Today, the Théâtre is without doubt one of the most beautiful performance venues in Paris. However Gabriel Astruc’s initial project foresaw the building of a Philharmonic Palace containing three stages of different dimensions at the Rond-Point des Champs-Élysées.
At the end of 1908, the project was turned down and Gabriel Astruc proposed a new site on Avenue Montaigne, in the spot where the Théâtre des Champs-Élysées emerged in 1913; it opened there on 31 March. The building is remarkable for having been designed by a group of artists: architects Henry Van de Velde, Auguste Perret, the painter and sculpter Antoine Bourdelle, the painter Maurice Denis, and the cristal maker René Lalique amongst others. It was the first construction to be made entirely out of reinforced concrete.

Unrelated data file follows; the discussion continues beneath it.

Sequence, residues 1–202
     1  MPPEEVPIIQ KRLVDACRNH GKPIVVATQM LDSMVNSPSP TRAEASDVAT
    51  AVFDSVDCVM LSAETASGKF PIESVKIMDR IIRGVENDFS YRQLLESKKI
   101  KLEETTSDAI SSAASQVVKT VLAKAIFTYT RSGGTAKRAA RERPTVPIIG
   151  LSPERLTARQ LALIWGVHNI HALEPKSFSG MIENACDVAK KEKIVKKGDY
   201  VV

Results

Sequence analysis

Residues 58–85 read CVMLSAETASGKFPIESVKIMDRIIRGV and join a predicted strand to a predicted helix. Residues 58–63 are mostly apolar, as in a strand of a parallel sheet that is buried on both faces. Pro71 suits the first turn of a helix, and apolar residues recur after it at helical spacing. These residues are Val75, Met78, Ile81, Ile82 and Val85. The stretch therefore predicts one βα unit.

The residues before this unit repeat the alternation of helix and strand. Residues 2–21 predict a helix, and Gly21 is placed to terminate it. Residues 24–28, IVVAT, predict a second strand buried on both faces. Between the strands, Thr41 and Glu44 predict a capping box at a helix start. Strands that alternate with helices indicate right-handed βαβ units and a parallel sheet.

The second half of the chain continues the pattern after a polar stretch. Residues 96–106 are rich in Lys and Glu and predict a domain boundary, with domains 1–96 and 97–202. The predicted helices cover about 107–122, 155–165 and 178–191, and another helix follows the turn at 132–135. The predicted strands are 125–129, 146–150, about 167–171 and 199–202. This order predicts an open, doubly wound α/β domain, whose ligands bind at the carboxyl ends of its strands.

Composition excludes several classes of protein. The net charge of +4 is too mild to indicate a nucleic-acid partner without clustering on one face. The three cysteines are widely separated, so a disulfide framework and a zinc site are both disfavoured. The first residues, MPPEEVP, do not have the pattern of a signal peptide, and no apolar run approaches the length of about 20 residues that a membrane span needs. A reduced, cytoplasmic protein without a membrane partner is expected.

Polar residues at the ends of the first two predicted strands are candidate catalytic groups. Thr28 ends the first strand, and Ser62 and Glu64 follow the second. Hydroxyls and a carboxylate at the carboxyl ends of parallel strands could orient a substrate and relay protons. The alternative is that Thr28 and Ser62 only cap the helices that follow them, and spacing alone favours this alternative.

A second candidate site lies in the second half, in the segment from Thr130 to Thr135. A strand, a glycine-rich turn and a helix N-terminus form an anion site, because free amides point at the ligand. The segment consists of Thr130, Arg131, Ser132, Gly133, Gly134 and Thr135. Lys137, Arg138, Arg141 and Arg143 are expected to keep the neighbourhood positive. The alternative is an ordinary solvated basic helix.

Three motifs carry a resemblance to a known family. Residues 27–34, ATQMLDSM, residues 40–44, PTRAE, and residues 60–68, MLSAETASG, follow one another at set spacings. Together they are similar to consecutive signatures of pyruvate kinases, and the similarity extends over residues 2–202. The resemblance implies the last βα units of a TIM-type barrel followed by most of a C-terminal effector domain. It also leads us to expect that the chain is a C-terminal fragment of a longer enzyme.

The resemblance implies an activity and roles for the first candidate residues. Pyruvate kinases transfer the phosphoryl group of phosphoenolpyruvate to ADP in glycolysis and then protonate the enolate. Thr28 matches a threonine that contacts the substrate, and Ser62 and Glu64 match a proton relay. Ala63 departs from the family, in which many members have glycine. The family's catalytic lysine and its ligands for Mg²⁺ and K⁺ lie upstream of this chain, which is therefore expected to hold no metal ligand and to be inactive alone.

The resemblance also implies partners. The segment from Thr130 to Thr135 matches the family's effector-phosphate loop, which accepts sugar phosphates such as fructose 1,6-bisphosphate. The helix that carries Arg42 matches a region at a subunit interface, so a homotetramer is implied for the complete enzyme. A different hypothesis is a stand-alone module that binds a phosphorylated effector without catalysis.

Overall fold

The Théâtre is a jewel of twentieth century French architecture; in 1957 it became one of the first modern edifices to become a listed building, figuring on the register of the Monuments Historiques. In 1970, the Caisse des Dépôts acquired the theatre and became the main patron of the Concert Hall. It was the Caisse des Dépôts that undertook a complete renovation of the building in 1985, including the Concert Hall and the Comédie; they also decided on the construction of a panoramic restaurant, the “Maison Blanche”, on the roof of the Théâtre.